Tuesday, September 14, 2010
The Waning Days of Summer
Autumn: that other book end of the gardening season.
If spring inflates, autumn deflates. If spring vitalizes, autumn devitalizes. If spring is celebrated for renewal and rebirth, esteemed for deliverance from the depths of winter, revered for buds and pastel flowers, then autumn is appreciated for the maturation of that which will soon pass.
Autumn signifies the decline of that which we have labored over for several months. Autumn compels us to face the passage of time—and the passage of time, in the linearity of human life, can only mean decline and decay. No wonder so many become glum in the elongating shadows of the midday sun, a melancholy punctuated only by the burning landscape of autumn color.
The Greeks had two words for life: zoē and bios. If the former referred to mere biological life in the sense of birth, maturation, decline, death, and decay, then the latter captured the very essence that makes us human: the projects and identities that make us idiosyncratic individuals and that give zoē meaning. We might learn something valuable from the Greek. Our melancholy at the passing of time is but a manifestation of our natural selves. But to be melancholy is to privilege the biological and to arrest that other form of life.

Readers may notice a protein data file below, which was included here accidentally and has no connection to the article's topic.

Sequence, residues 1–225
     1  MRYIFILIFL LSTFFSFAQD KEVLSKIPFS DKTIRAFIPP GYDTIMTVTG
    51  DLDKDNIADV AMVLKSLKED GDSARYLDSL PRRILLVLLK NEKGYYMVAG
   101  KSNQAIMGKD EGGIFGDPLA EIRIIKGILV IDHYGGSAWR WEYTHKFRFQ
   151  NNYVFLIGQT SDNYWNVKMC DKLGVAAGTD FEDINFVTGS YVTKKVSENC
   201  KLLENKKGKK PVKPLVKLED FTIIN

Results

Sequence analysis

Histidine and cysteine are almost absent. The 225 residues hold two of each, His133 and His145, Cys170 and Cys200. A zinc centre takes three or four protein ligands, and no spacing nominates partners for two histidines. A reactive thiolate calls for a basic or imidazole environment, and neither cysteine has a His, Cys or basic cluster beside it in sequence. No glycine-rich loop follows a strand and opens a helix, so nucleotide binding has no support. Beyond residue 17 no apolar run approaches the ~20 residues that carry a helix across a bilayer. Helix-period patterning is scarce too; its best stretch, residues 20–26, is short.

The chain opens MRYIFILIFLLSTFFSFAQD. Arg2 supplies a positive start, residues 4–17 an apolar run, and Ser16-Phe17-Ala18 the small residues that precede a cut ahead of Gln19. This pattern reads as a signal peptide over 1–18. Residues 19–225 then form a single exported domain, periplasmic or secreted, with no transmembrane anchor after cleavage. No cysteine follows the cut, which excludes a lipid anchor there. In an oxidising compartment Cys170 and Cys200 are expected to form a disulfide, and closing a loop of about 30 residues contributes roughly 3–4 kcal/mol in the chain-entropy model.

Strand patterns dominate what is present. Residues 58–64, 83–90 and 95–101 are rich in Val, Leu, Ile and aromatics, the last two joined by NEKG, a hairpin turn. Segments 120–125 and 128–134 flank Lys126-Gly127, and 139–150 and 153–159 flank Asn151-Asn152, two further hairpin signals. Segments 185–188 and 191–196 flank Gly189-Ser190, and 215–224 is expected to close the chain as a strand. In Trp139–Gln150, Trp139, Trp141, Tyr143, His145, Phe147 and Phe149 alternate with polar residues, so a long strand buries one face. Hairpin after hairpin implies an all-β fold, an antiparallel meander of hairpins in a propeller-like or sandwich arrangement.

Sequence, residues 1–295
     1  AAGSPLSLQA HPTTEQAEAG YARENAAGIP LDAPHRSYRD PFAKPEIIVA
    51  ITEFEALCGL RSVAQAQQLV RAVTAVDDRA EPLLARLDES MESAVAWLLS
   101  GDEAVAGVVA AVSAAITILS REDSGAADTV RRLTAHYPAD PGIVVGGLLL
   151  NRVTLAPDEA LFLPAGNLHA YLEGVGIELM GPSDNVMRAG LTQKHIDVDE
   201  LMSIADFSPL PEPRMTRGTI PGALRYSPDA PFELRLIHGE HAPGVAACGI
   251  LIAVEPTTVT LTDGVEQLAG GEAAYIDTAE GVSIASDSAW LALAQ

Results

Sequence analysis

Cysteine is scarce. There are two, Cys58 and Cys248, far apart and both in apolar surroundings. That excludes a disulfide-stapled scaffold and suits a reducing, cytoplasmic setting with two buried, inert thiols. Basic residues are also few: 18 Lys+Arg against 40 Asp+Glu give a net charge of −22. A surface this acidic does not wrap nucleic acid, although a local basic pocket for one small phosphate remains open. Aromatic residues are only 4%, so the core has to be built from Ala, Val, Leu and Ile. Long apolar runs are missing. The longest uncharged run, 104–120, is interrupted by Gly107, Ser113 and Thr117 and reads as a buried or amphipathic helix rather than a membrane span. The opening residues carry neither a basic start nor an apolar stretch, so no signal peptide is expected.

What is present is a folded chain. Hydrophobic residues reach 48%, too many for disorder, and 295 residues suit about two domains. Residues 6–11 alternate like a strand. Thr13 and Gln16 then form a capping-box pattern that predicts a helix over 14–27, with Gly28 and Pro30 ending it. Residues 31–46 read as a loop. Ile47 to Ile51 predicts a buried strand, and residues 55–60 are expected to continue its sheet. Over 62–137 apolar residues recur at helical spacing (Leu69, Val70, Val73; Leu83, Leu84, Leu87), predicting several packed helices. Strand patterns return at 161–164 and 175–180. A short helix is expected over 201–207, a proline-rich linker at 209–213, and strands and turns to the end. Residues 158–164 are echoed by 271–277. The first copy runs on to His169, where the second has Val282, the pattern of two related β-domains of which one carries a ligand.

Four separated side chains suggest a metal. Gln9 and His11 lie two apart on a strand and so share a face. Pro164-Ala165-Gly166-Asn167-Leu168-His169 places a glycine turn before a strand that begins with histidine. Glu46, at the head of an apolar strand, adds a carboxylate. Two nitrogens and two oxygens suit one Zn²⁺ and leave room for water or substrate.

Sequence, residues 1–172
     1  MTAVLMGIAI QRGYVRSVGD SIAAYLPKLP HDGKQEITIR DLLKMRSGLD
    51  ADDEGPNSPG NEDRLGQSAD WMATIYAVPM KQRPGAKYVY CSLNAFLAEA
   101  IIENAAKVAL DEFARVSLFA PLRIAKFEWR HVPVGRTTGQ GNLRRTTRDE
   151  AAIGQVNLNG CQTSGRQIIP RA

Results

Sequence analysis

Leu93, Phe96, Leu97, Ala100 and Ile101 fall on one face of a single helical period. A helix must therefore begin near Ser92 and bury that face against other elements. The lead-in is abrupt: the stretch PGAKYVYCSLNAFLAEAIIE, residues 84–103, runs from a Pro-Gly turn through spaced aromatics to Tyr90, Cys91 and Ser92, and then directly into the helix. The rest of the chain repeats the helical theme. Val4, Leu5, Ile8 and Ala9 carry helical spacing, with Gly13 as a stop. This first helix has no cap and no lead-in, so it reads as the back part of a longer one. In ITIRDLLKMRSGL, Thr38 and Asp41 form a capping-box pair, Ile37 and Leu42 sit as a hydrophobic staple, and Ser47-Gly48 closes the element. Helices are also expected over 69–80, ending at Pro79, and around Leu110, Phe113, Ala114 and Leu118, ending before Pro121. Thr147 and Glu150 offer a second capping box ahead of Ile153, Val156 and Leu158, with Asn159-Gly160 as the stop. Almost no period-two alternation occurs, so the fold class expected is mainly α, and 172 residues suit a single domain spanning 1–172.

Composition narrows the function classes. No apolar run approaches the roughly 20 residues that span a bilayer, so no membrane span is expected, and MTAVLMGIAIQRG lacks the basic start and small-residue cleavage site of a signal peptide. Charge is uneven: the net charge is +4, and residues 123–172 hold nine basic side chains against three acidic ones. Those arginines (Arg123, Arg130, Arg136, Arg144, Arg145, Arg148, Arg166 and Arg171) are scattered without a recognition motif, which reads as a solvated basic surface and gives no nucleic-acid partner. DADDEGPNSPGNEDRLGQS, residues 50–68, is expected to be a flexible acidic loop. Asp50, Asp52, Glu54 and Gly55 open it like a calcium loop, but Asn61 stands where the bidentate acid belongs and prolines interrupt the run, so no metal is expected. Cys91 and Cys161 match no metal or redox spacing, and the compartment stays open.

So, in these waning days of summer when the effects of autumn already appear, I look around and delight in the myriad of changes that begin to pepper the garden. Seemingly overnight, Rose Mallow shed her vibrant summer dress of green and chartreuse for her understatedly elegant burgundy gown. The one seed pod I allowed to remain on her stalks has turned a rich caramel (I do want her babies, but not so many of them!) The oat-like panicles of the Northern Sea Oats Grass have begun to redden on their way to a bronze finish, and I am warmed by his chromatic complement to Rose’s autumnal beauty.
And of course the season for pumpkins is rapidly approaching.
But in my garden, I just never know where “the pumpkin” will appear.